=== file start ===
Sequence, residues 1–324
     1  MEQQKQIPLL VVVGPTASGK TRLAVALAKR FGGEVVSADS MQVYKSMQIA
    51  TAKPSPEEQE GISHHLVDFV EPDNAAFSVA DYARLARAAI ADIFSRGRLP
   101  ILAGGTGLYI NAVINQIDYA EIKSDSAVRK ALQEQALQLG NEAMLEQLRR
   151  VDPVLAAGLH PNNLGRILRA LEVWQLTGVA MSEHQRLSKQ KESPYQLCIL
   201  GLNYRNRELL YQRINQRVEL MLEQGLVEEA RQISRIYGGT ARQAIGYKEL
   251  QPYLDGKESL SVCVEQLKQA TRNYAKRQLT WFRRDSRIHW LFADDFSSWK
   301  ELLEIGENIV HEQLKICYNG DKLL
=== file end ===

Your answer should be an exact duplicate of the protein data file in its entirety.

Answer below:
Sequence, residues 1–324
     1  MEQQKQIPLL VVVGPTASGK TRLAVALAKR FGGEVVSADS MQVYKSMQIA
    51  TAKPSPEEQE GISHHLVDFV EPDNAAFSVA DYARLARAAI ADIFSRGRLP
   101  ILAGGTGLYI NAVINQIDYA EIKSDSAVRK ALQEQALQLG NEAMLEQLRR
   151  VDPVLAAGLH PNNLGRILRA LEVWQLTGVA MSEHQRLSKQ KESPYQLCIL
   201  GLNYRNRELL YQRINQRVEL MLEQGLVEEA RQISRIYGGT ARQAIGYKEL
   251  QPYLDGKESL SVCVEQLKQA TRNYAKRQLT WFRRDSRIHW LFADDFSSWK
   301  ELLEIGENIV HEQLKICYNG DKLL